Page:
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Consumer Product Safety investigates metal cadmium in children’s jewelry from China

Federal Government probes mental cadmium in kids’ jewelry imported from China. U.S. Consumer Product Safety Commission, the agency that regulates children’s jewelry and toys, was set to deliver a speech Tuesday to Asian manufacturers emphasizing that American regulators are still scrutinizing jewelry contents now that they’ve barred the use of lead.

Consumer Product Safety investigates toxic metal cadmium in children’s jewelry from China. Moving swiftly, U.S. product safety authorities say they are launching an investigation into the presence of the toxic metal cadmium in children’s jewelry imported from China after disclosure of lab tests showing that some pieces consisted primarily of the dangerous substance.

The article states that “nothing good can be said about this metal”–WRONG–Cadmium has been used for decades as a plating to prevent corrosion. If you have ever seen a piece of metal, usually automotive parts, that has a gold color with green or purple tones, you have seen a cadmium plated part. Unlike zinc plating, it does not wear off or discolor rapidly. Japanese manufacturers used this method of rust prevention extensively, and at one time Eastwood Restoration supply sold a kit to re-plate parts.

The promise to “take action as quickly as possible to protect the safety of children” followed by hours the release Sunday of an Associated Press investigative report that documented how some Chinese manufacturers have been substituting cadmium for lead in cheap charm bracelets and pendants being sold throughout the United States.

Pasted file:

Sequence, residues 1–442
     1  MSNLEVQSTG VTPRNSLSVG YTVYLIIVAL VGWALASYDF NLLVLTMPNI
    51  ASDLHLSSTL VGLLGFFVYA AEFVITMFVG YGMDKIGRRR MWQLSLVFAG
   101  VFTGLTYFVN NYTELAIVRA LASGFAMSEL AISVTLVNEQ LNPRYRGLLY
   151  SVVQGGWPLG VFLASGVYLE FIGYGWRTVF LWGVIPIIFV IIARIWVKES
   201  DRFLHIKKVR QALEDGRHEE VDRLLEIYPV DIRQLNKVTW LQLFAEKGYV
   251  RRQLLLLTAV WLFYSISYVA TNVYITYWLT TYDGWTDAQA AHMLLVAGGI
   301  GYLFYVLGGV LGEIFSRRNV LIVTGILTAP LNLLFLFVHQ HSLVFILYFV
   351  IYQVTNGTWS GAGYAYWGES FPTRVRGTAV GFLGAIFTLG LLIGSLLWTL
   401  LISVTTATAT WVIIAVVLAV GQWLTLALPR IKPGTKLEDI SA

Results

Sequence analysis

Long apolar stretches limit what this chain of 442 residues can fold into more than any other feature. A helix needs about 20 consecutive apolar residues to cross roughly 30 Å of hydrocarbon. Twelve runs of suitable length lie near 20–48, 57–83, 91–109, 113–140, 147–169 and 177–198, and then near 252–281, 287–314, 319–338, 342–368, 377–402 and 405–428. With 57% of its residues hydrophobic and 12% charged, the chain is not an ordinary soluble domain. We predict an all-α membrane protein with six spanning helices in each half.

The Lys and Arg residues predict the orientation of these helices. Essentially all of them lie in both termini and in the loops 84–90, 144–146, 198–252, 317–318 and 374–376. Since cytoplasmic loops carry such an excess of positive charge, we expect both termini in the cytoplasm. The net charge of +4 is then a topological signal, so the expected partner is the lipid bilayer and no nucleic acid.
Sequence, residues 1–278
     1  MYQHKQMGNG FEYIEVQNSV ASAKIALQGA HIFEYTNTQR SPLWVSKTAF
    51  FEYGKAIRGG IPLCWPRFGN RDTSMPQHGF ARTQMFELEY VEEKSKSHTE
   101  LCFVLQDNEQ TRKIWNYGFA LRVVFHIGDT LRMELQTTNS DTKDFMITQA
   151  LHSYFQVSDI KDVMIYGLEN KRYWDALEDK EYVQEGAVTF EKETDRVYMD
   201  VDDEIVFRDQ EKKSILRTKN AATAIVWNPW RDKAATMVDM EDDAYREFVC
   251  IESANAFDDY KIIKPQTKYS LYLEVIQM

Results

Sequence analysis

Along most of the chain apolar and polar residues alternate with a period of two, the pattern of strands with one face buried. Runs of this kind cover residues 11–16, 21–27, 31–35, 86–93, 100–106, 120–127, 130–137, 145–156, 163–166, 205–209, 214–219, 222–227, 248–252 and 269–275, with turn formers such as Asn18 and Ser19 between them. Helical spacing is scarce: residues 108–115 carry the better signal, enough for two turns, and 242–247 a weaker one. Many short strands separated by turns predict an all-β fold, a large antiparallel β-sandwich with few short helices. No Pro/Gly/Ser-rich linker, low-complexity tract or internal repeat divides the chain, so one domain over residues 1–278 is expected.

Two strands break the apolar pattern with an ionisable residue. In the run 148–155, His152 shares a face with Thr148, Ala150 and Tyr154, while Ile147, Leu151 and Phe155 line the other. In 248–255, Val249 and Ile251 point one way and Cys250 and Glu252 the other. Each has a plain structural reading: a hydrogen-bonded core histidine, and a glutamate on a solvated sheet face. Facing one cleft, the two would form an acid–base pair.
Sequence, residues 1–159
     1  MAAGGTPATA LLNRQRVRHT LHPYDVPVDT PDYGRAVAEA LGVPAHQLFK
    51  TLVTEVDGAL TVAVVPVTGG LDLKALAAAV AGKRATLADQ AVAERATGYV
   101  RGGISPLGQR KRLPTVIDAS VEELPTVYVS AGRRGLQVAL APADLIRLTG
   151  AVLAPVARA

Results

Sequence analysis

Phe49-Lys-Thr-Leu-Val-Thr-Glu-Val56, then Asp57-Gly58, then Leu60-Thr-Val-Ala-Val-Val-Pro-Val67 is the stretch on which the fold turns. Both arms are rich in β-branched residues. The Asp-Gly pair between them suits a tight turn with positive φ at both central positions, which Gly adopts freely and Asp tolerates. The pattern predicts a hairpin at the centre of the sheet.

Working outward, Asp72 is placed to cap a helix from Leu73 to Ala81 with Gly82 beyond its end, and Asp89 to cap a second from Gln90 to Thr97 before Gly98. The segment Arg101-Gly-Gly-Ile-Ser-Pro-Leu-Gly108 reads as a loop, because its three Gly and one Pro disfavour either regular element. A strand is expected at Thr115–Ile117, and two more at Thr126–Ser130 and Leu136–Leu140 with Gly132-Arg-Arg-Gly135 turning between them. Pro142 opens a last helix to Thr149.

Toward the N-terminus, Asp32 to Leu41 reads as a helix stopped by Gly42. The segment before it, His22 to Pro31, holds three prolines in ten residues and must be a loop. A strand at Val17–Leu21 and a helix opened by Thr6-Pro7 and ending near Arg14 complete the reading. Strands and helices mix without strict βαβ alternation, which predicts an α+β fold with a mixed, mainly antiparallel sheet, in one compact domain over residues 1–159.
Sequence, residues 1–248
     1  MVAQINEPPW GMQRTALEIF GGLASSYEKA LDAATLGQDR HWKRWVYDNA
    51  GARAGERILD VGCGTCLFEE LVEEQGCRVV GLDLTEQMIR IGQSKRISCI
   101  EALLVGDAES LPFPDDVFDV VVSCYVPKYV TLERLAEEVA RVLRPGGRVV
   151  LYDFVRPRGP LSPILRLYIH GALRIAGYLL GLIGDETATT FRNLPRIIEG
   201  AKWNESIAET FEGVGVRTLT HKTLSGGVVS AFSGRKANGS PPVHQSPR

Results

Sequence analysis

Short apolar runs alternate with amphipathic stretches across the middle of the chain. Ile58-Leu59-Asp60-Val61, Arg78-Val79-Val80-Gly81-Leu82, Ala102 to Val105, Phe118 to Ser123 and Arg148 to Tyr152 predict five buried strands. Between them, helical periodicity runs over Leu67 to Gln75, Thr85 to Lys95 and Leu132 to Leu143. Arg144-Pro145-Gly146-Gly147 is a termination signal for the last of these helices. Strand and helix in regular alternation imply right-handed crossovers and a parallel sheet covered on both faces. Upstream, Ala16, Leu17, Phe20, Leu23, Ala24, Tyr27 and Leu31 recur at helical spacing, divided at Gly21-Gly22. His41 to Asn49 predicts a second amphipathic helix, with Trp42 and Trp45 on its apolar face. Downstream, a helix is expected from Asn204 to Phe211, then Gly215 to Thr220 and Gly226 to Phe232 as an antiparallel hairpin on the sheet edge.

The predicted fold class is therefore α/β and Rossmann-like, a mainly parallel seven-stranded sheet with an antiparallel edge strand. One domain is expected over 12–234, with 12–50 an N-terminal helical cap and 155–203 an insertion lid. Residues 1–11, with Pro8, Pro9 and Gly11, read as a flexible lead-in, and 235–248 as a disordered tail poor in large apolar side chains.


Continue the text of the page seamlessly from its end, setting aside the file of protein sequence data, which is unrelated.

Meantime, the head of the U.S. Consumer Product Safety Commission, the agency that regulates children’s jewelry and toys, was set to deliver a speech Tuesday to Asian manufacturers emphasizing that American regulators are still scrutinizing jewelry contents now that they’ve barred the use of lead.

In a taped keynote speech to a toy safety meeting in Hong Kong, organized by Asia-Pacific Economic Cooperation, a forum of governments in the region, CPSC Chairman Inez Tenenbaum was to laud manufacturers for effectively abandoning the use of lead in children’s products. She also was to warn that “the bar will be raised in the new year” when it comes to safety, agency spokesman Scott Wolfson said.

The most contaminated piece analyzed in lab testing performed for the AP contained a startling 91 percent cadmium by weight. The cadmium content of other contaminated trinkets, all purchased at national and regional chains or franchises, tested at 89 percent, 86 percent and 84 percent by weight. The testing also showed that some items easily shed the heavy metal, raising additional concerns about the levels of exposure to children.

Wolfson said the agency would study the test results, attempt to buy the contaminated products and “take appropriate action.”

The jewelry testing was conducted by chemistry professor Jeff Weidenhamer of Ashland University in Ohio, who over the past few years has provided the CPSC with results showing high lead content in products that were later recalled. Wolfson acknowledged the agency had worked closely with Weidenhamer.

Cadmium is a known carcinogen. Like lead, it can hinder brain development in the very young, according to recent research.

Children don’t have to swallow an item to be exposed — they can get persistent, low-level doses by regularly sucking or biting jewelry with a high cadmium content.

To gauge cadmium’s prevalence in children’s jewelry, the AP organized lab testing of 103 items bought in New York, Ohio, Texas and California. All but one were purchased in November or December. The results: 12 percent of the pieces of jewelry contained at least 10 percent cadmium.